# Reading a book on cryptology and it talks about Euclid's algorithm. I'm wondering if I should I read more about it? Other than finding the GCD, is it useful?

I'd say no, with the caveat that finding the GCD is *extremely* useful and that that application alone makes it worth understanding.

You can use it to find the GCD of numbers and do all sorts of fancy number theory, but you can also find the GCD of polynomials, and more generally Euclidean domains, which are basically "places where the Euclidean algorithm works". Proving that the Euclidean algorithm works is a common way (possibly the most common?) to prove that a ring is a unique factorization domain; this covers the rings of Gaussian integers and of Eisenstein integers, for example. I don't have time to give more details or background, but I guess these things are all on Wikipedia.

In an even more real-world application, you can crack badly generated RSA keys with it: https://sbseminar.wordpress.com/2012/02/16/the-recent-difficulties-with-rsa/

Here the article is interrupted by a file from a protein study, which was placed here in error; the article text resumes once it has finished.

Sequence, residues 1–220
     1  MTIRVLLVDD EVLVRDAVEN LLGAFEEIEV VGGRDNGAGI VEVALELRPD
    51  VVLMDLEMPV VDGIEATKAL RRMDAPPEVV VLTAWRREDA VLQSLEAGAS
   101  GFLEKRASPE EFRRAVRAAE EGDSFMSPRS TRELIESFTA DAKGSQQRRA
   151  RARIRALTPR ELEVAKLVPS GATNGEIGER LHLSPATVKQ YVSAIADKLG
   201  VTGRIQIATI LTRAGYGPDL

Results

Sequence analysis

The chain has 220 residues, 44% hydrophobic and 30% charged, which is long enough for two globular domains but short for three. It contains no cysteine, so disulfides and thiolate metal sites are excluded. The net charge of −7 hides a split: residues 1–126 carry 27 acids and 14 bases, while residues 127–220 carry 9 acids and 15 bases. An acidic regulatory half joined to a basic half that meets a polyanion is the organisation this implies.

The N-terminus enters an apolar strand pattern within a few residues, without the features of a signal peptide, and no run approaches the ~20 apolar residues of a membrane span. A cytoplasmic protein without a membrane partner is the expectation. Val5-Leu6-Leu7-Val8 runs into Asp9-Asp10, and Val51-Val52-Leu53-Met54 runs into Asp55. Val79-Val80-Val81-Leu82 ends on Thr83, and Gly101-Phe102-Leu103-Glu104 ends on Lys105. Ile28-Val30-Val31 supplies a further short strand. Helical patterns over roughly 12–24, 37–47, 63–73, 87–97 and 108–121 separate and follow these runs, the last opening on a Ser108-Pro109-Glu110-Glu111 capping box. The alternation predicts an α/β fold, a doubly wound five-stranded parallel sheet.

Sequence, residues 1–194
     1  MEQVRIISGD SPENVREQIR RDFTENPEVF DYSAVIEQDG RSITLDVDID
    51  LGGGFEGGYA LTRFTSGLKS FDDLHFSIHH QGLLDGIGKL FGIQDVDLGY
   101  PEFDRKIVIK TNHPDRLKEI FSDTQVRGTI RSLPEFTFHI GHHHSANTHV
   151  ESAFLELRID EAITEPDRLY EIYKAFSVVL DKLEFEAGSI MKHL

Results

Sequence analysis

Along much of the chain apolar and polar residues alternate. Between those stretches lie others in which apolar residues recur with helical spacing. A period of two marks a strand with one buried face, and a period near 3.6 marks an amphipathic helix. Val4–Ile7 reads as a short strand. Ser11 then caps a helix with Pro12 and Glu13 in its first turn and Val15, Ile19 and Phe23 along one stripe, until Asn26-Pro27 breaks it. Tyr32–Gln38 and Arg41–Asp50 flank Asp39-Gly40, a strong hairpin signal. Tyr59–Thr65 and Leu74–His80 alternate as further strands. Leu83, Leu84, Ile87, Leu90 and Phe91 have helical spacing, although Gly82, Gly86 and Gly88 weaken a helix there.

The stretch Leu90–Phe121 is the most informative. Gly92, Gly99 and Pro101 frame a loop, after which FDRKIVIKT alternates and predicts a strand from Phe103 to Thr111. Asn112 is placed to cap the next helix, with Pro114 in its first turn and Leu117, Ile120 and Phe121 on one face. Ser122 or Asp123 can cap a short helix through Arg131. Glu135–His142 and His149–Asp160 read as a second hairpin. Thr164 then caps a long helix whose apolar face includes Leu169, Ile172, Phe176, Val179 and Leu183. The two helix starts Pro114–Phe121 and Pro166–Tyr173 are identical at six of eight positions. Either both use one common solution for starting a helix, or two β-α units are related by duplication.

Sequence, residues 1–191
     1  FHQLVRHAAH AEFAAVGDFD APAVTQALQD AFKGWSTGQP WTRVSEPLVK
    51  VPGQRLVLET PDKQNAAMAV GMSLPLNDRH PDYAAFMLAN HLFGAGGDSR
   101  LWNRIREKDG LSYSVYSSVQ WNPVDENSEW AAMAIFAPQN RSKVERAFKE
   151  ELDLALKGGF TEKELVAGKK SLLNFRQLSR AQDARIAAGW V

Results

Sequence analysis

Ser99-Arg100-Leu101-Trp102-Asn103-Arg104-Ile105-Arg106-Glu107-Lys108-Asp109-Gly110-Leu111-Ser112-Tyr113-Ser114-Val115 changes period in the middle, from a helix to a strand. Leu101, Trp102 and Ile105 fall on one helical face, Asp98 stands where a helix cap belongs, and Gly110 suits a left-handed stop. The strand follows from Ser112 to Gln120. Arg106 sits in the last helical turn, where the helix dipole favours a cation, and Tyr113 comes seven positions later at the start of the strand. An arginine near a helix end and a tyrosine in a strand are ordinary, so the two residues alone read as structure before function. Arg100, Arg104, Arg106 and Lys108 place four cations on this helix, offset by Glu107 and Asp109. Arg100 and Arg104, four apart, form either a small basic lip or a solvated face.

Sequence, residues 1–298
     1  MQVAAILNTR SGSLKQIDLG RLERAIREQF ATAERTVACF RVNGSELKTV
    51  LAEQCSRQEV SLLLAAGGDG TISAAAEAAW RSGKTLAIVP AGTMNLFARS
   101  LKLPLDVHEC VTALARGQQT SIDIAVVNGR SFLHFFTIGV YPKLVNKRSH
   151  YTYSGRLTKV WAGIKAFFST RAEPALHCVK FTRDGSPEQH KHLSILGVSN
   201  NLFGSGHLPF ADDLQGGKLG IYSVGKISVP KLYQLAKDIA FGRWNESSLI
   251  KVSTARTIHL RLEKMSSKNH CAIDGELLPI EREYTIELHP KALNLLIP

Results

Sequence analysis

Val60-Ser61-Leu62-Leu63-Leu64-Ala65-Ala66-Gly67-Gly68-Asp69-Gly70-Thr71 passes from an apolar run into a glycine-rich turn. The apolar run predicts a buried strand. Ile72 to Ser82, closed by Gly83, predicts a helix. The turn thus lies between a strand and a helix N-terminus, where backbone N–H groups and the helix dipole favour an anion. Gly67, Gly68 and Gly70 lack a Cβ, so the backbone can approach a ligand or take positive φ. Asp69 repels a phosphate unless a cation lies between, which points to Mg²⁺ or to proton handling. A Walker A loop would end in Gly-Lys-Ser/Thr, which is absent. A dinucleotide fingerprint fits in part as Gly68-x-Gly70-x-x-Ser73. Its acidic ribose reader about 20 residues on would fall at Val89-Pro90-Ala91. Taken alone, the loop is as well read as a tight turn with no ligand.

You can use it to find the GCD of numbers and do all sorts of fancy number theory, but you can also find the GCD of polynomials, and more generally Euclidean domains, which are basically "places where the Euclidean algorithm works". Proving that the Euclidean algorithm works is a common way (possibly the most common?) to prove that a ring is a unique factorization domain; this covers the rings of Gaussian integers and of Eisenstein integers, for example. I don't have time to give more details or background, but I guess these things are all on Wikipedia.

In an even more real-world application, you can crack badly generated RSA keys with it: https://sbseminar.wordpress.com/2012/02/16/the-recent-difficulties-with-rsa/